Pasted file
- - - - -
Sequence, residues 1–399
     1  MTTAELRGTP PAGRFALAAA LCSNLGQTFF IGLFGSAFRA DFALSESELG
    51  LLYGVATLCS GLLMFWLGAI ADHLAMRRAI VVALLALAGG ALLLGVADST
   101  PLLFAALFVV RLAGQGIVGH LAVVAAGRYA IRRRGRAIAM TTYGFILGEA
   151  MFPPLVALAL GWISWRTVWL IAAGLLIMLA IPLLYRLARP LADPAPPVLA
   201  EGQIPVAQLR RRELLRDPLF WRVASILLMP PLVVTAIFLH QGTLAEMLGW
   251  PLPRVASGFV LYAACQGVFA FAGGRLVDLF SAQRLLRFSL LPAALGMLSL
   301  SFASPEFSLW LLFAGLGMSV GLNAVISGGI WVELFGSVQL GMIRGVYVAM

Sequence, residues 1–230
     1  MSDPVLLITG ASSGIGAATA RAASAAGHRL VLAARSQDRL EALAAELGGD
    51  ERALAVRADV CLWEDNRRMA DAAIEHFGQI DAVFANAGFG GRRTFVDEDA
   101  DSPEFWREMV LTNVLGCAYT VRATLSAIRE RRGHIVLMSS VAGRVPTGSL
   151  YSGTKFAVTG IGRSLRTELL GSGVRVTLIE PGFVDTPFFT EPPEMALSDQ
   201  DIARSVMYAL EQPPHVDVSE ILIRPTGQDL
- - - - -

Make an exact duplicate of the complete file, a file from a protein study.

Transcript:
Sequence, residues 1–399
     1  MTTAELRGTP PAGRFALAAA LCSNLGQTFF IGLFGSAFRA DFALSESELG
    51  LLYGVATLCS GLLMFWLGAI ADHLAMRRAI VVALLALAGG ALLLGVADST
   101  PLLFAALFVV RLAGQGIVGH LAVVAAGRYA IRRRGRAIAM TTYGFILGEA
   151  MFPPLVALAL GWISWRTVWL IAAGLLIMLA IPLLYRLARP LADPAPPVLA
   201  EGQIPVAQLR RRELLRDPLF WRVASILLMP PLVVTAIFLH QGTLAEMLGW
   251  PLPRVASGFV LYAACQGVFA FAGGRLVDLF SAQRLLRFSL LPAALGMLSL
   301  SFASPEFSLW LLFAGLGMSV GLNAVISGGI WVELFGSVQL GMIRGVYVAM

Sequence, residues 1–230
     1  MSDPVLLITG ASSGIGAATA RAASAAGHRL VLAARSQDRL EALAAELGGD
    51  ERALAVRADV CLWEDNRRMA DAAIEHFGQI DAVFANAGFG GRRTFVDEDA
   101  DSPEFWREMV LTNVLGCAYT VRATLSAIRE RRGHIVLMSS VAGRVPTGSL
   151  YSGTKFAVTG IGRSLRTELL GSGVRVTLIE PGFVDTPFFT EPPEMALSDQ
   201  DIARSVMYAL EQPPHVDVSE ILIRPTGQDL